I’ve probably been to Yosemite about ten times, but before this past weekend I’d never hiked the Four Mile Trail. The trail runs from the valley all the way up to Glacier Point (an elevation change of about 3,200 feet), but the uppermost part was still covered in snow and closed off.
Even some of the open parts of the trail were snowed over, which made things interesting. I wouldn’t call myself clumsy, but you're never going to hear the term "cat-like" used to describe my sense of balance. I’m perfectly capable of wiping out on a straight, level trail. So when you add ice, a steep incline, and an awkwardly-arranged pack full of photography gear, there’s a decent chance I’ll be taking a spill at some point. And sure enough, on the way back down I bit it good. Normally a little fall is no big deal, but, when you have your Canon 5DM2 in your hands and your 1DM3 around your neck, it gets a little more complicated.
I slipped on a snowdrift and fell forward onto some rocks, which triggered the normal instinct to reach out and catch myself. But my head had to override my instincts and order my hands to protect the 5DM2 at all costs. So it played out like this: first my knees cracked into the ground, then I basically face-planted into the snow and rocks, which caused my tripod to launch itself out of my backpack and smack me in the back of the head. But when the dust settled the 5DM2 was resting safely off the ground, none the worse for wear. Good thing there weren’t any witnesses for this one – it was not pretty.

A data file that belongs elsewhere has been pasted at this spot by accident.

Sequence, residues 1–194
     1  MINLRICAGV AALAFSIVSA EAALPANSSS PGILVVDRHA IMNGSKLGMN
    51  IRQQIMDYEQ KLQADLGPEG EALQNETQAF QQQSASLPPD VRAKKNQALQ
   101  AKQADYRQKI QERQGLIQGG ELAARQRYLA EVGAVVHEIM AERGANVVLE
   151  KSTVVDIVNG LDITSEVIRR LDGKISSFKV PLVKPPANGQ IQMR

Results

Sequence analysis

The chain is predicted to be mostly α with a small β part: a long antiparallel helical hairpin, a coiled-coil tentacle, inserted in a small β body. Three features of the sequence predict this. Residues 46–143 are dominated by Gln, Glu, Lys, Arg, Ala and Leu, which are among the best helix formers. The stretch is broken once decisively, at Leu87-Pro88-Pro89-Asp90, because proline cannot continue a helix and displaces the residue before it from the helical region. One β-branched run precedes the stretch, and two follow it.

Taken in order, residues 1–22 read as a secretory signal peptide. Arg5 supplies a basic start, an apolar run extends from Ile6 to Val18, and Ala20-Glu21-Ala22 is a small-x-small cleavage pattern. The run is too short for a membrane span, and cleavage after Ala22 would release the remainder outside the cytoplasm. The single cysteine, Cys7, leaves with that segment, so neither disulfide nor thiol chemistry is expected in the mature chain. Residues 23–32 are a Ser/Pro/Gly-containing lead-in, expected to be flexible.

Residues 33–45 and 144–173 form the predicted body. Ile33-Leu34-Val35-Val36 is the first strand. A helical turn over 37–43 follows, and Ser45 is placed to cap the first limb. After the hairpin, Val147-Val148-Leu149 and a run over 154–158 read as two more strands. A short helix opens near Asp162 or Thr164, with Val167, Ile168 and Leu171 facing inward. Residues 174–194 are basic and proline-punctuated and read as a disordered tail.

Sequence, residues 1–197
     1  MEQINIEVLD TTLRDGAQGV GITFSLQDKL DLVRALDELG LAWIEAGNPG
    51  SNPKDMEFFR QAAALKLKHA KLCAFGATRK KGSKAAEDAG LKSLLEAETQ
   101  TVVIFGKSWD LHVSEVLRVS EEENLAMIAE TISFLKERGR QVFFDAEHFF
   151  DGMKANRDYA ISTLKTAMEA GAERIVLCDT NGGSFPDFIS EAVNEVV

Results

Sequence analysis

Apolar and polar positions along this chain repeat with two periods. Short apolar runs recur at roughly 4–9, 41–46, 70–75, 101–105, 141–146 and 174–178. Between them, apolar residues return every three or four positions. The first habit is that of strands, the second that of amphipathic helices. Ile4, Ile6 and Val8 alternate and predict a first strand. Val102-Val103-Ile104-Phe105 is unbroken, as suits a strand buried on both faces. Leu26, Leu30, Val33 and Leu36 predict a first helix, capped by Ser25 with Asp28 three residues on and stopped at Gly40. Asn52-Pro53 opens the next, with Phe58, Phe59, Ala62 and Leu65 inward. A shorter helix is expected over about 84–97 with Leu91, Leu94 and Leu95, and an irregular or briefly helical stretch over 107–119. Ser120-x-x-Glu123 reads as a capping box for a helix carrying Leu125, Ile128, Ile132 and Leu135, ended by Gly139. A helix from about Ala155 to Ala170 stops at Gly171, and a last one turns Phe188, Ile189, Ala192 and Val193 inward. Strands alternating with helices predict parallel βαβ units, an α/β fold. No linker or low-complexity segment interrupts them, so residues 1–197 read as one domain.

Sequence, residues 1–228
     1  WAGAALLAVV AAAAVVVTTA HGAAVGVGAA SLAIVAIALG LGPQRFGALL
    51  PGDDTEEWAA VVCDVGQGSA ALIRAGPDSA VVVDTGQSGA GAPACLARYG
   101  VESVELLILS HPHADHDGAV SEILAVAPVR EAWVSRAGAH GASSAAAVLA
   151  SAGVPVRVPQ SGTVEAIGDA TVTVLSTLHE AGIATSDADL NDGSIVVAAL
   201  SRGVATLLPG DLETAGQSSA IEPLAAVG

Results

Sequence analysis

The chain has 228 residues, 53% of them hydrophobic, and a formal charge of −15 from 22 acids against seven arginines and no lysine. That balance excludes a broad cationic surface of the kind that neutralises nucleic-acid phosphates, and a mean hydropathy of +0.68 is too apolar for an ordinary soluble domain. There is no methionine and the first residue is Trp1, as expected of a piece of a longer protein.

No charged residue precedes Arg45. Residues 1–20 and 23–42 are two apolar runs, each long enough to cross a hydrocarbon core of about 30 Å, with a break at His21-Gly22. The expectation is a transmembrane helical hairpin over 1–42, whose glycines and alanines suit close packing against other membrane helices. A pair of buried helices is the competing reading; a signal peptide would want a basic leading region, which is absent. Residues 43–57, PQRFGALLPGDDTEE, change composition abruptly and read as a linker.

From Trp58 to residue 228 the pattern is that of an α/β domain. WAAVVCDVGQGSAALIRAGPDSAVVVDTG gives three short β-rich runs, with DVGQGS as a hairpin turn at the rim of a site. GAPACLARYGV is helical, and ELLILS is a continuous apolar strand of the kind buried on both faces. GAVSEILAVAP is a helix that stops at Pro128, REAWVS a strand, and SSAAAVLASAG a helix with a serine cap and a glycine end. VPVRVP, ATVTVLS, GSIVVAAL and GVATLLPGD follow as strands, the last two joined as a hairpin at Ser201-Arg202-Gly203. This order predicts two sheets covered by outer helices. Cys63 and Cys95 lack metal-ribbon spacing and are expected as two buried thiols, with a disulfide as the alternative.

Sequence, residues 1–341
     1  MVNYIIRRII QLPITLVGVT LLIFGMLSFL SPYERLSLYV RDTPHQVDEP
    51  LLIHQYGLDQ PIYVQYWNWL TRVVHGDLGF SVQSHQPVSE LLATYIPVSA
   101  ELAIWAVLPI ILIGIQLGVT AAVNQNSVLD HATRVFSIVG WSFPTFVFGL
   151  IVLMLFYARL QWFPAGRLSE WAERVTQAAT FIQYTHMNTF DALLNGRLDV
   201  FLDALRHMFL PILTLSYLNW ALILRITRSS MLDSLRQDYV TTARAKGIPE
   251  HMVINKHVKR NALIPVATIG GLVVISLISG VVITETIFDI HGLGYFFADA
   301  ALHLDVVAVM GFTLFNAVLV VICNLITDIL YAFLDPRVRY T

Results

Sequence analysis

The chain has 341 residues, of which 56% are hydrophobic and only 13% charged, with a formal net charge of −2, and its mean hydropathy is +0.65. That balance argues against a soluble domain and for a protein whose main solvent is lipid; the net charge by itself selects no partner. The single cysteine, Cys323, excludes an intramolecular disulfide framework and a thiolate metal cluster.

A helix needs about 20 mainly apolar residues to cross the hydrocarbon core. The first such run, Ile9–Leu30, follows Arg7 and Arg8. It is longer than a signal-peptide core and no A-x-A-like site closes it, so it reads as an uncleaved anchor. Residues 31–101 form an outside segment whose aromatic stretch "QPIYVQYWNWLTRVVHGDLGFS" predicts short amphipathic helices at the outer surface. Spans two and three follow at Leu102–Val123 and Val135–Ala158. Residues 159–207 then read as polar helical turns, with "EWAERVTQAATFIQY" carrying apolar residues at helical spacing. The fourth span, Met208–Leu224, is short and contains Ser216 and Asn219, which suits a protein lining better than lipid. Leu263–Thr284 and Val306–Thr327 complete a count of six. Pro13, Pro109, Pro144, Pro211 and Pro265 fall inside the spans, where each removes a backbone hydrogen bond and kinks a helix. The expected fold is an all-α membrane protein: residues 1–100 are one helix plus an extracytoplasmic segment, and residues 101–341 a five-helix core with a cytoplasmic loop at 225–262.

Anyway, the views from Four Mile Trail are incredible. Back towards the west you see the landscape in this photo (sometimes called the “Reverse Tunnel View” because it’s the opposite of the famous scene just outside the Wawona tunnel), to the north you see a great full-on view of Yosemite Falls, and to the east you see Half Dome (assuming it’s not clouded over like it was during my hike). Really an awesome trail.